I think every one of us has been the victim of a hoax. Hoaxes are like a joke…a bad joke. In reality, a hoax is a cruel scheme designed to pull one over on their intended victim. One such hoax was the story of “The Patient Bullet.” As the story goes, a man named Henry Ziegland dumped his fiancé, Maysie Tichnor, in 1883 in the town of Honey Grove, Texas. So upset was Tichnor, that she actually committed suicide. Her brother was distraught and enraged, so he decided that Ziegland had to die in retaliation. He immediately went to Ziegland’s farm and shot the young man who had hurt his sister, then so as not to face prison, he turned the gun on himself.
The brother died by suicide, but Ziegland did not die. In fact, somehow, he had even escaped serious injury. The bullet had only grazed him before hitting a tree. In what seemed a gross miscarriage of justice, Ziegland went on to live a prosperous life and had a family. Then, twenty years after he literally dodged a bullet, Ziegland and his son were cutting firewood. It so happened that they cut down the tree with the bullet in it. The wood in that tree was so tough that it was almost impossible to split it with an axe. Ziegland decided to bore some holes in the fallen tree and put small amounts of dynamite in the holes. After moving about 50 feet away, Ziegland and his son set the explosions off. Shockingly, the bullet, which had waited twenty years for Henry Ziegland, was blown out of the tree with great force and the farmer was hit in the left temple and killed instantly…so the story goes anyway.
Some hoaxes are pretty easy to figure out, but others, like the Ziegland story, sort of seemed plausible. Because of that, The Patient Bullet story was fairly popular. It was posted all over the Internet, complete with a picture of the bullet and the tree. The story appeared over 100 times in the newspapers, where it was presented as legitimate news. Nevertheless, there is quite a bit of evidence to suggest the story of Henry Ziegland was a hoax. In reality, there is no record of anyone with the names Ziegland or Tichnor or anything similar that ever lived in Honey Grove. In fact, a thorough search shows no vital records for people who match these dates and descriptions in Texas or any other state, for that matter.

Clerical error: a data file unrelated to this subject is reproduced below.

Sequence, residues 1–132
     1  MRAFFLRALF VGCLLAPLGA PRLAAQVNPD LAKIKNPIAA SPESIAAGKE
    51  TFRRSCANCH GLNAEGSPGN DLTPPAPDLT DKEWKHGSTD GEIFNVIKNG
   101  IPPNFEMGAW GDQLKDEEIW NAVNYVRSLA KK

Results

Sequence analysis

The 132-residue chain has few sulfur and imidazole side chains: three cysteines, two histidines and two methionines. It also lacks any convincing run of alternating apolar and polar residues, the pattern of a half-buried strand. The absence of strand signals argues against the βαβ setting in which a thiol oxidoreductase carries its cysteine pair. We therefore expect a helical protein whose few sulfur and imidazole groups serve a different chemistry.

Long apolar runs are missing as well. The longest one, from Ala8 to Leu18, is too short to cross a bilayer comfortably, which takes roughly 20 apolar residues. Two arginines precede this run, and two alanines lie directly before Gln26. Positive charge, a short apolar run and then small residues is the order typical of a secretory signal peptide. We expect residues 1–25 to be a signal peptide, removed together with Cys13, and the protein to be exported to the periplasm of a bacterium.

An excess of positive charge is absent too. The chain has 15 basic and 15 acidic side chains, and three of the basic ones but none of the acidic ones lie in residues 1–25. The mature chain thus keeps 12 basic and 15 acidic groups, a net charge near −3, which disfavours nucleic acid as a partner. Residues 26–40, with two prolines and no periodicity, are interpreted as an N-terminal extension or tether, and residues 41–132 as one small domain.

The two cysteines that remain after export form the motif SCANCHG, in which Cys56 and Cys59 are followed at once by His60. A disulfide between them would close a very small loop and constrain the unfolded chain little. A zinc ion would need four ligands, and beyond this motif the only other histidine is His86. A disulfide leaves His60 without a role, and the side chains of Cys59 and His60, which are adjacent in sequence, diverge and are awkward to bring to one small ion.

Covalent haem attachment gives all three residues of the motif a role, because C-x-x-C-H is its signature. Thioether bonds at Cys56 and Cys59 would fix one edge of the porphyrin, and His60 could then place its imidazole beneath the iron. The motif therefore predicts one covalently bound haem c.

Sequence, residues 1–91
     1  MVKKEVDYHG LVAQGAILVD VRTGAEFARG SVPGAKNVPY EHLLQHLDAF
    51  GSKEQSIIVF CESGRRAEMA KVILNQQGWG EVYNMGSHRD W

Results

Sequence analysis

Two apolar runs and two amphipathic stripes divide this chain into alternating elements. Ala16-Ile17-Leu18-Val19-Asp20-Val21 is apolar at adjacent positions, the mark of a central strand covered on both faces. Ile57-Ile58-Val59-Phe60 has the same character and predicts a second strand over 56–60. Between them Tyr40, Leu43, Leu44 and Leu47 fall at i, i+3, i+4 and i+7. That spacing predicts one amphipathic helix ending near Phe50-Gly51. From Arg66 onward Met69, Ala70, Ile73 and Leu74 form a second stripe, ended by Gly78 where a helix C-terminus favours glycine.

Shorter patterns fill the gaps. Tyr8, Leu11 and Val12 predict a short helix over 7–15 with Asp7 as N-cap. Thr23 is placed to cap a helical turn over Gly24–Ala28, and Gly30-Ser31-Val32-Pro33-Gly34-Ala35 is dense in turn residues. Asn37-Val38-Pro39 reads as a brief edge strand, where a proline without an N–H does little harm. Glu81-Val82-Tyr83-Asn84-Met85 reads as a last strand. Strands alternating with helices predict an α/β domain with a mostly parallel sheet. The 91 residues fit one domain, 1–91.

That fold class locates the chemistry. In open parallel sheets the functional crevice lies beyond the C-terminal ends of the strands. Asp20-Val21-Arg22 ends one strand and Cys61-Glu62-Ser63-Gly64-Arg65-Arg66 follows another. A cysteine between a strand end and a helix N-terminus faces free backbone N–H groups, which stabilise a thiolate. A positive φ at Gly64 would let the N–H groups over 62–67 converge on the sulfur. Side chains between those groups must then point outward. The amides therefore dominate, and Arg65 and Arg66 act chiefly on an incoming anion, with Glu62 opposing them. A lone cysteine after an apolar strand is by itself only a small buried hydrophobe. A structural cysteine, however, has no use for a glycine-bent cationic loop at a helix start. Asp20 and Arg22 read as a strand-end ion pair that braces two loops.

The story was first appeared in the Jackson Mississippi Evening News in March 24, 1905. The tale was interesting, and it took off like wildfire. It was picked up by several papers, and began, “A marvelous case of punishment on earth for the sins of the flesh occurred in Dryno township, in this county, today. Twenty years ago Henry Ziegland, then a handsome, wealthy young man, jilted beautiful Maysie Tichnor, and the girl committed suicide…” After that the story disappeared for the better part of the decade, before it inexplicably reappeared in 1913. The names were the same, but the newspapers still ran the story as current news. This time, the story’s fame grew. It ran in newspapers from Edmonton (Canada) to New Orleans to Buffalo. It’s almost a comical situation, because it was probably started by a couple of teenagers sitting around in 1905, who came up with this funny little story and decided to see if they could trick a newspaper into publishing it. Well, not only were they able to get it published, but by 1913, it was appearing in international newspapers. Now, over a century later, the story is still viewed as truth. In fact, a Google search for “Henry Ziegland bullet” produces over 5,400 results!